About six years ago, Bongiovanni — who works as an ophthalmic assistant at PeaceHealth Medical Group Eye Care in Vancouver — established the Cascades Sasquatch Research Organization. In addition to proving the existence of Bigfoot, Bongiovanni’s group advocates for serious research and federal protection of the species.

The group goes on regular expeditions in the Northwest in hopes of learning the habits and behavioral patterns of Sasquatch. They report everything about the environment — moon phase, temperature, precipitation, location, altitude — and anything they see or hear.

The “Squatchers,†as they call themselves, try to communicate with the creatures through calls and wood knocks.

The calls are loud, almost-howls. The Squatchers give out a call and wait for a return call. Typically, a Sasquatch will only respond once, Bongiovanni said. Bongiovanni hasn’t had much luck getting a return call, but his wife, Diana, has had success, he said.

The creatures also use wood knocks to communicate with one another, similar to the knocks done by apes. Like calling, the Squatchers knock and wait for knocks in return. Bongiovanni has had success with knocking, getting several responses before the forest goes quiet, he said.

But, overall, interaction is rare, Bongiovanni said.

“It’s very few and far between,†he said. “You get lucky with something once every 10 times.â€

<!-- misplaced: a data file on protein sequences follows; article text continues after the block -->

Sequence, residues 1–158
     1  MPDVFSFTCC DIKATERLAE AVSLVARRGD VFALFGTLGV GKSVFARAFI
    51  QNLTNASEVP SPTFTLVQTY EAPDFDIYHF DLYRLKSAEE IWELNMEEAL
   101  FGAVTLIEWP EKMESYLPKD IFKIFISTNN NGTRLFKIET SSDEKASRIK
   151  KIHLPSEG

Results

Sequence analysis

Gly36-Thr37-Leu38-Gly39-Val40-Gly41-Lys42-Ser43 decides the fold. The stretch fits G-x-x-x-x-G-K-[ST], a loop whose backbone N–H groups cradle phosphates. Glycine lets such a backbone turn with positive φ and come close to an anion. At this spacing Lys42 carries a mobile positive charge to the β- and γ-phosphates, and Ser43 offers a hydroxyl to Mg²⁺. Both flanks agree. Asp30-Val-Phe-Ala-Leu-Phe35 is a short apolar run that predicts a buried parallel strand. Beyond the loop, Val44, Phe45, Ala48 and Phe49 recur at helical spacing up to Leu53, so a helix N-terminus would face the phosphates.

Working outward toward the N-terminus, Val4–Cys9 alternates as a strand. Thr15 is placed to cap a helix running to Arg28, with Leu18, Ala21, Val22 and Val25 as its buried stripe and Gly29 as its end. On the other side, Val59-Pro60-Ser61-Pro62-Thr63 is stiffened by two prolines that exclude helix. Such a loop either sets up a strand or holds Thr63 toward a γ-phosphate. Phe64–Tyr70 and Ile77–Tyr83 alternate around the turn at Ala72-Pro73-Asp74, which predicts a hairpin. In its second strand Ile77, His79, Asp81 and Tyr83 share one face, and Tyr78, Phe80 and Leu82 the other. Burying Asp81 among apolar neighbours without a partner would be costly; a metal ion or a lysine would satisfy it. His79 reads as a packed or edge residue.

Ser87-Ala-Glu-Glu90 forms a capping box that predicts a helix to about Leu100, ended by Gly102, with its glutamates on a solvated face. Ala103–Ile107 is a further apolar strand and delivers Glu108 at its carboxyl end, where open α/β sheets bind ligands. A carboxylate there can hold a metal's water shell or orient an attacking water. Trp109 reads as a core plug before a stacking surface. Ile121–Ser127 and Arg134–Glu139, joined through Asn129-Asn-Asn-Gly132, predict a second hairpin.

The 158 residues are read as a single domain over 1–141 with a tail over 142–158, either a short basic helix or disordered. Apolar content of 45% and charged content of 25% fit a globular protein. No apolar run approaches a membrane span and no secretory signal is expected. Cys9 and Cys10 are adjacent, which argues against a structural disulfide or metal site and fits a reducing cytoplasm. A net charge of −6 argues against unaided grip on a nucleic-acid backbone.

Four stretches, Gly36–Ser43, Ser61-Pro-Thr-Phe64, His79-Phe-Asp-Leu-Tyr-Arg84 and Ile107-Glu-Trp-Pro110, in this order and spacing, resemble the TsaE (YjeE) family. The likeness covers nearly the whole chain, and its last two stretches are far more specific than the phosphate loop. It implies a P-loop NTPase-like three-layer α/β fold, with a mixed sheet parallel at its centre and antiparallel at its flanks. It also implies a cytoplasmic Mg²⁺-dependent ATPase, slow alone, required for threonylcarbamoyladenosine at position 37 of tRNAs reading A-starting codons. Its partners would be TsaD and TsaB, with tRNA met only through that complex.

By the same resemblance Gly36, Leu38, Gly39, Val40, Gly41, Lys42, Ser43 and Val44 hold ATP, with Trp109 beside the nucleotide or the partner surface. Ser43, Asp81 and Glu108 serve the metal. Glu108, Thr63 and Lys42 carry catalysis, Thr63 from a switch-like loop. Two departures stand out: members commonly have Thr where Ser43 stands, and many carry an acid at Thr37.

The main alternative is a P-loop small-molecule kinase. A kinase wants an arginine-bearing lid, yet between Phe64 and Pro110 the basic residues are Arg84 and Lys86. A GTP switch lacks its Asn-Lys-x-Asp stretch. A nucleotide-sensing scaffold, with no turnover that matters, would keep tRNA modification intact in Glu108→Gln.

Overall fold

Thermal technology

During a February expedition, Bongiovanni had his third Bigfoot sighting. His second sighting came in 2013, when he spotted a large silhouette while driving back from a hike near Mount St. Helens.

The February sighting occurred on an expedition to the west side of Mount St. Helens. Bongiovanni and a new member to his organization were walking along a river when they heard something pacing them in the woods. A short time later, a rock came flying toward them from the brush. A thermal camera picked up the warm rock lying in the road.

As they continued walking, Bongiovanni spotted a pale silhouette. When he lifted his flashlight toward the figure, it took off running, he said.

“That one actually made me even more sick in the head,†Bongiovanni said. “It was without a doubt.â€

That encounter is what led to Bongiovanni’s upcoming appearance on “Finding Bigfoot.â€

Bongiovanni sent a report about the incident to a Bigfoot researcher, who passed the report onto a producer at Animal Planet. The producer reached out to Bongiovanni soon after.

“It just kept snowballing from there,†Bongiovanni said.

On Memorial Day, Bongiovanni and two others — James “Bobo†Fay, a field researcher with Bigfoot Field Researchers Organization, and Matt Moneymaker, the organization’s founder — set out for an expedition in the Olympic Peninsula with an Animal Planet camera crew in tow.

The upcoming episode pits U.S. Squatchers against their counterparts in Canada. The U.S. group headed into the woods at about 8:30 p.m. and didn’t return to base camp until about 6 a.m. The cameras followed the group as they called and knocked.

Bongiovanni said he can’t reveal what, if anything, happened on the expedition. But the episode’s video preview shows Bongiovanni reacting to movement on a thermal camera the group had set up in the woods.

“What it is, I can’t say,†Bongiovanni said. “You’ll have to watch.â€

I did and I suggest you save yourself the trouble....

Edited by Lake County Bigfooot